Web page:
By Nicholas Cecil
A secret British report has raised fresh fears of a link between power lines and cancer.
The confidential study urges government officials in Britain to consider banning the building of homes and schools close to overhead high-voltage power cables because of possible health risks.
It says a ban is the best way to reduce significantly exposure to electromagnetic fields from the electricity grid system.
The report was drawn up by scientists, electricity company bosses, the British National Grid, government officials and campaigners over two years after the Health Protection Agency accepted there was a weak statistical "association" between prolonged exposure to power fields and childhood leukemia.
But the 40 members of the panel have clashed over the final details and conclusions.
In the USA, there has been suggestions that such childhood illnesses as leukemia and brain cancer might be linked to power lines where communities with a higher than average rate of sickness were located near power lines and transformer stations. Also, amateur radio operators have known that they have an increased risk for leukemia, thought to be associated with exposure to electro-magnetic waves.
The British secret report stops short of specifically recommending a ban on new homes and schools within 60 metres of power lines, or vice versa, which could wipe a total of 4 billion dollars worth off property prices across Britain and limit land for housing developments.
But the report concludes that the British Government should consider such a move, stating: "We urge government to make a clear decision on whether to implement this option or not."
The report, to be signed off by panel members next week, has sparked conflict at a series of hearings, according to a Whitehall source.
Two members of the panel, regulator Ofgem and Scottish & Southern Energy, are understood to have quit.
Some members of the panel took the view - adopted by the Government's health advisers and the World Health Organisation (WHO) - that childhood leukemia is the only adverse health effect where evidence is strong enough for precautionary measures to be considered.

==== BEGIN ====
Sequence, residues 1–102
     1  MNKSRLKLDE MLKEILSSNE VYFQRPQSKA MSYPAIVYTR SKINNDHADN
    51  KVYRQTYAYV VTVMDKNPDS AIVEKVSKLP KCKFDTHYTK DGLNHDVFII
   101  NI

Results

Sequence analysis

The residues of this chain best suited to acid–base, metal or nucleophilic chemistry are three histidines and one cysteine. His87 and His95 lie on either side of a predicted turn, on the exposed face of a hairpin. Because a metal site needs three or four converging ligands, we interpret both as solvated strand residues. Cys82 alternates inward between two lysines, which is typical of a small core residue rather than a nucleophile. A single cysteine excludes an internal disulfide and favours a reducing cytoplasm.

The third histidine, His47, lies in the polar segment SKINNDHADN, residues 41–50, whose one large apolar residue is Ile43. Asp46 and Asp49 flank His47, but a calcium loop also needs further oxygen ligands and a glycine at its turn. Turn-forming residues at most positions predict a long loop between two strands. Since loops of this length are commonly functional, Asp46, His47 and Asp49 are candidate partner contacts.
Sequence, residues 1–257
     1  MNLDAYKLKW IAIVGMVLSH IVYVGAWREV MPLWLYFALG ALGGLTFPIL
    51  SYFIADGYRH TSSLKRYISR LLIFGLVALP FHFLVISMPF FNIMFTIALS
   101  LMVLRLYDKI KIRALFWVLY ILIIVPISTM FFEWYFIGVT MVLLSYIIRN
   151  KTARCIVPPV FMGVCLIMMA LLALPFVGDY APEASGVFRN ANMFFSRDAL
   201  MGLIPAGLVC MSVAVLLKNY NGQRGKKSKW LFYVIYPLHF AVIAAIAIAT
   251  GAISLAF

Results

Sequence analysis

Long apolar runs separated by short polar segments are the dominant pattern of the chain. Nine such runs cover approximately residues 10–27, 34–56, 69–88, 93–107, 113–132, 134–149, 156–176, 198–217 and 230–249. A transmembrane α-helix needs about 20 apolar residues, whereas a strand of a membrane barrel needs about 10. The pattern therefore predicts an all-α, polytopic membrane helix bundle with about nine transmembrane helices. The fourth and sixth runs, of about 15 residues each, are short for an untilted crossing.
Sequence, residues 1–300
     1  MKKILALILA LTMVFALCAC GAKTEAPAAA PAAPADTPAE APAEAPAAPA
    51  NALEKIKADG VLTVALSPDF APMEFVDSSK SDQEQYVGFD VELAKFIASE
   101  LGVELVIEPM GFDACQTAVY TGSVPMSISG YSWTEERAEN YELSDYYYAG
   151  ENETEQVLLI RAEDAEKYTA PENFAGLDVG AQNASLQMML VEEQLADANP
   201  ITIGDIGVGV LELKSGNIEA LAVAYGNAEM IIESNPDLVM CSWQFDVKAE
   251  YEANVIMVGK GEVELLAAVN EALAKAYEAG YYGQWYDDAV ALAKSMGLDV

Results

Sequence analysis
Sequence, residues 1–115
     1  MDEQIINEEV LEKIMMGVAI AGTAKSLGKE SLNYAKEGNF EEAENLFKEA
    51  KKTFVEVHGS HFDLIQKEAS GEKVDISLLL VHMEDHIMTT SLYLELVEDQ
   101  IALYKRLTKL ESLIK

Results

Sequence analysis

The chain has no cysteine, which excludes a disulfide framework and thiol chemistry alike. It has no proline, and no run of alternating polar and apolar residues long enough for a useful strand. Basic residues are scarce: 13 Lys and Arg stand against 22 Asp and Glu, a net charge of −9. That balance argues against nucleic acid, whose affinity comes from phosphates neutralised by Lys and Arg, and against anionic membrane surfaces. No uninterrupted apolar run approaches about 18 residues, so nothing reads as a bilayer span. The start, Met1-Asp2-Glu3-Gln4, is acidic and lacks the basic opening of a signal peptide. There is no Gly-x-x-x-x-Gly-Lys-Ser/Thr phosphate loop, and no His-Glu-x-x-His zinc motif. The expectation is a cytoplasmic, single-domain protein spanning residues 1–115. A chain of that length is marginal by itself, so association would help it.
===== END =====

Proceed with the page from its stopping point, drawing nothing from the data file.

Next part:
According to this view, if there is a link, the building ban would cut just one case of childhood leukemia every year or two and the costs would outweigh the benefits by a factor of at least 20.
The second group generally backed views highlighted by the California Department of Health Services which suggested electromagnetic fields are "possibly carcinogenic" in terms of childhood leukemia and placed four other health effects in this risk category. They were adult leukemia, adult brain tumours, miscarriages and a form of motor neurone disease, although some scientists believe there are links with more diseases.
"The advice to government from following this 'California' view would therefore be to tend to favour implementing the 'corridors for new build' option," (safe zones well away from power lines) SAGE added, stressing that in this scenario the costs and benefits would be at least comparable.
The panel is set to recommend that the Health Protection Agency should issue more information about how to reduce the impact of exposure to electromagnetic fields. It will also call for a change to the working of overhead lines to reduce the radius of intense electromagnetic fields.
This study and many more replicated in America could shed light on the cause of various cancer "clusters" in certain communities located near power lines and could prompt legislation in the future.
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